If you're feeling good about the market, you're not alone. Take my hand as we go over some of this week's more uplifting headlines.

1. Fashion bid-ness
eBay (Nasdaq: EBAY) is courting thrifty fashionistas. The leading online marketplace is introducing flash sales to its Fashion Vault site, offering designer-sanctioned items for as much as 60% off their original prices. The sales will last only 48 to 72 hours, so there's clearly an incentive for browsers to act quickly.

Allowing only sellers with established relationships with designers to offer up items will add some well-needed integrity to the process. eBay has had legal battles against Louis Vuitton and Tiffany in the past over counterfeit listings, so playing nice should pay off if it helps stem future litigation. Designers may also come to see eBay as a revenue-generating partner, instead of a sales killer that facilitates apparel resale (with designers suffering through devaluation and a secondhand transaction where they don't profit from the resale).

It may be problematic to see eBay spreading its brand too thin with this move, but eBay has spent the past couple of years shifting to a fixed-price format to reposition itself as a more conventional online retailer.

2. You can't spell Apple without A-P-P
Apple (Nasdaq: AAPL) began shipping out its first iPad devices earlier this week. Those who pre-ordered the non-3G models should be receiving them by Saturday, just when they will become available in stores.

Despite the initial criticism, I think Apple has another winner here. Morgan Stanley expects the tech darling to sell more than 6 million units this calendar year. Between the early adopters buying in now and the holiday gift lists that will likely be loaded with iPad requests, this supersized iPod touch can pave the way for a brand-new market for Apple.

If Apple is able to generate enough demand for the iPad -- without cannibalizing sales of smaller iPods and iPhones and larger Macs and MacBooks -- analysts will have to revisit the potential upside for one of the hottest stocks over the past few years.

3. This well-trained dragon's so hot it breathes fire
IMAX (Nasdaq: IMAX) still has the magic touch. It accounted for 11.5% of the box office receipts brought in by How to Train Your Dragon over its debut, despite playing on less than 3% of the total screens. This compares to the 10.5% cut brought in by Alice in Wonderland during its opening weekend on IMAX last month.

Why is this important? Well, since several multiplex operators decided to introduce higher IMAX and 3-D ticket prices during the weekend, it means that consumers didn't balk at the jacked-up seats. It may be true that Alice was a bigger hit, but it's all relative when it comes to motivating studios to go the incremental IMAX route.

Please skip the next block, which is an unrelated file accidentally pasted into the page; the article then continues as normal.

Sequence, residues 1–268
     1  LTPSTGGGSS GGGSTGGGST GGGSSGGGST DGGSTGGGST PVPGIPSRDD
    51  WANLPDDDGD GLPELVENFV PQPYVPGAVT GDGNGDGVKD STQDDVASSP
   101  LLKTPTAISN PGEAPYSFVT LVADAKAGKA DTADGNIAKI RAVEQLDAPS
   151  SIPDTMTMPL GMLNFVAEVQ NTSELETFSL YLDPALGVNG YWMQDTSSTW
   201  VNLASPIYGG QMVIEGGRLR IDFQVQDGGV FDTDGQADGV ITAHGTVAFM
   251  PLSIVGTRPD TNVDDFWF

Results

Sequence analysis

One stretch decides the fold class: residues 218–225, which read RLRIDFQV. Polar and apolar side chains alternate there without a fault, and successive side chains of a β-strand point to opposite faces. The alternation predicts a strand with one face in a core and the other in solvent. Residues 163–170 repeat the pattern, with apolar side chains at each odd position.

4. All the news that's fit to Yahoo!
If major newspapers are out to bury the lede, let's applaud Yahoo! (Nasdaq: YHOO) for being a grave robber. Yahoo! News has been plucking pedigreed journalists from Politico, BusinessWeek, and ABC, The New York Times is ironically reporting.

At a time when many print publications are readying moves to begin charging for their online content, there's going to be a huge bump in demand for ad-supported news. Yahoo! gets it. Media company paywalls are going to shoo away consumers, so the no-brainer move is to beef up quality content offerings.

5. Big G checks in
Google (Nasdaq: GOOG) is beginning to offer hotel room rates on its popular Google Maps application.

The world's leading search engine has been slow in monetizing its mapping site. It's hard to imagine why Google has taken it slow here. Local mapping dovetails perfectly with the company's leading collection of paid search ads. If folks are using Google to map their way around their next vacation, why shouldn't it be Big G itself to profit by sending qualified leads to hospitality providers.

This could be bad news for priceline.com (Nasdaq: PCLN), Expedia (Nasdaq: EXPE), and the rest of their travel portal peers. Even if they are the ones bidding top dollar for the subsequent leads, it means more paid traffic through Google instead of free organic visitors.

Either way, chalk up another winner for Google.  

Google and IMAX are Motley Fool Rule Breakers recommendations. Apple, eBay, and priceline.com are Motley Fool Stock Advisor selections. Motley Fool Options has recommended a bull call spread position on eBay. Try any of our Foolish newsletter services, free for 30 days.

Longtime Fool contributor Rick Munarriz is an optimist at every turn. Hdoes not own shares in any of the stocks in this story. Rick is also part of the Rule Breakers newsletter research team, seeking out tomorrow's ultimate growth stocks a day early. The Fool has a disclosure policy.